Read an Excerpt
The Sea King's Daughter
By Barbara Michaels
HarperCollins Publishers, Inc.Copyright © 2006 Barbara Michaels
All right reserved.
Don't call me ariadne. That's not my name anymore.
I changed it legally a few years ago. Not that anyone had ever used it, even Mother. She called me Sandy, like everyone else, even when she was mad at me.
I must have been about ten years old before it really hit me that Sandy wasn't my real name. That was the day the package arrived -- a fascinating package, big and battered and plastered all over with bright foreign stamps. The package itself looked foreign, with its thin shiny paper and unusual string. It was addressed to Miss Ariadne Frederick.
I was disappointed. I had hoped it was for me. I didn't know any Ariadne Frederick. My last name was Bishop.
I knew it wasn't really -- at least I knew Jim Bishop was my stepfather. Mother had left my other father when I was a baby, not because he didn't love us, but because he loved something else more. I couldn't get it into my juvenile brain precisely what it was he loved -- some strange, hard-to-pronounce word that was my father's job. That was incomprehensible to me. How could a person love his work more than he loved a person? Mother tried to explain; I remember her soft, anxious voice going on and on, while I fidgeted, picking at the scab on my knee and wishing she would stop talking so I could go back to the baseball game down the street.
It may seem strange that I had forgotten myown name. A psychiatrist wouldn't find it strange; he would say I wanted to forget it. Maybe so. But I think the explanation is simpler. Children have a culture of their own; they are no more interested in adult values than an Australian aborigine is interested in the rules of Emily Post. I wasn't interested in the name, or in the forgotten father who had given it to me.
I remember thinking it was a weird name, not one I'd have wanted to claim. People didn't have names like that, except in the boring stories we had to read for English. My friends had sensible names, like Debby and Jan and Penny.
Mother arrived while I was inspecting the package. She always tried to be there when I got home from school, but the lines at the grocery store had been longer than usual that day. I went to help her carry in the bags, and then I saw that she was standing quite still, staring down at the big battered parcel. She had the most peculiar look on her face. I know now that what I saw was a struggle, internal but intense, and when I said casually, "Hey, I guess the mailman made a mistake," the struggle showed in a facial contortion so extreme that I mistook it for physical pain. I asked her what was the matter.
It was several seconds before she answered.
"He didn't make a mistake. It's for you. Have you forgotten?"
If I felt chagrin at being reminded that the weird name was my own, it was quickly forgotten in delight. The package was for me, that was the important thing.
I dismembered it there in the garage, too excited to notice Mother's silence. She stood watching while I tore the wrappings off and removed the lid. The interior of the box was filled with scraps of newspaper. Even in my anxiety to reach the object buried within, I realized that the paper was unusual. The language wasn't English. Even the writing was funny, not like English print.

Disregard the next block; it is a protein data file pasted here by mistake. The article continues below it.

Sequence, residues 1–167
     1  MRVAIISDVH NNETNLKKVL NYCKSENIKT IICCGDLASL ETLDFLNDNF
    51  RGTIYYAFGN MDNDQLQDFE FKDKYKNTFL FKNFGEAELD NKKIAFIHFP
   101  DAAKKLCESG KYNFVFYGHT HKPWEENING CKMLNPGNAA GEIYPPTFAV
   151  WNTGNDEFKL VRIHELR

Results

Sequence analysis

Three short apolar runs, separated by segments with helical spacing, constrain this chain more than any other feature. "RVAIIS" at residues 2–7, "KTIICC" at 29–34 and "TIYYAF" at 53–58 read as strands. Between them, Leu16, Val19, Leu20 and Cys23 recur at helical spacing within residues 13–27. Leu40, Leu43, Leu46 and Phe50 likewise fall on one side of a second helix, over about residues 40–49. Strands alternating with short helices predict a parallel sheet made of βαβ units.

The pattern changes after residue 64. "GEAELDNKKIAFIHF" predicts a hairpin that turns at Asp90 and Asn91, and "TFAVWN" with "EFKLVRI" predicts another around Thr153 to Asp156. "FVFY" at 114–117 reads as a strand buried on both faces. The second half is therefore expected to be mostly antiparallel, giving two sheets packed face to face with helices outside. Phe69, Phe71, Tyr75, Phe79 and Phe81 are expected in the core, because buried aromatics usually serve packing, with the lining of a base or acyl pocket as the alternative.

My groping hands found a hard surface among the shreds of paper. I pulled out the object and held it up. My first thought was that someone had played a mean trick on me. This wasn't a present. It was a joke, a piece of junk.
The object was a statue, about a foot high, made of white stone. The arms were missing and so was the nose. The stone was stained and chipped and worn. At first I couldn't even decide whether it was supposed to be a man or a woman. It wore a long robe, carved in stiff pleats; but I knew that men used to wear long robes, and this object had an air of extreme age. Yet as I continued to stare, disgusted and disappointed, some quality of the small, marred face got through to me, and I felt sure that the subject was female.
Not that I cared. I was about to set the thing down, with a decided thump, when Mother's hand caught mine.
"Be careful. It is probably valuable."
"Valuable! This dirty, beat-up, old -- "
"Very old. Over two thousand years old."
I sat back on my heels and looked at the statue again. I felt more respect for it; the difference between ten and two thousand has to command a certain awe. The more I looked, the more the thing got to me. Even the disfigurement of the nose could not destroy the haunting quality of the face. The mouth was curved in an odd, disquieting little smile, and the sunken eye sockets seemed to stare directly into my eyes.
Mother was on her knees, digging with both hands among the crumpled papers. She leaned back with a short, high-pitched laugh.
"Not even a note," she said, as if to herself. "How typical."
I paid no attention to the comment, which was obviously not addressed to me. I couldn't rid myself of the notion that this was some kind of practical joke. I turned the statue upside down, thinking there might be a note, or a rude remark, on the base. Sure enough, something was written there in black ink. It wasn't a word; the shapes looked more like code than letters of the alphabet.
I showed it to Mother. She gave another of those funny little laughs ...
Excerpted from The Sea King's Daughter by Barbara Michaels Copyright © 2006 by Barbara Michaels. Excerpted by permission.
All rights reserved. No part of this excerpt may be reproduced or reprinted without permission in writing from the publisher.
Excerpts are provided by Dial-A-Book Inc. solely for the personal use of visitors to this web site.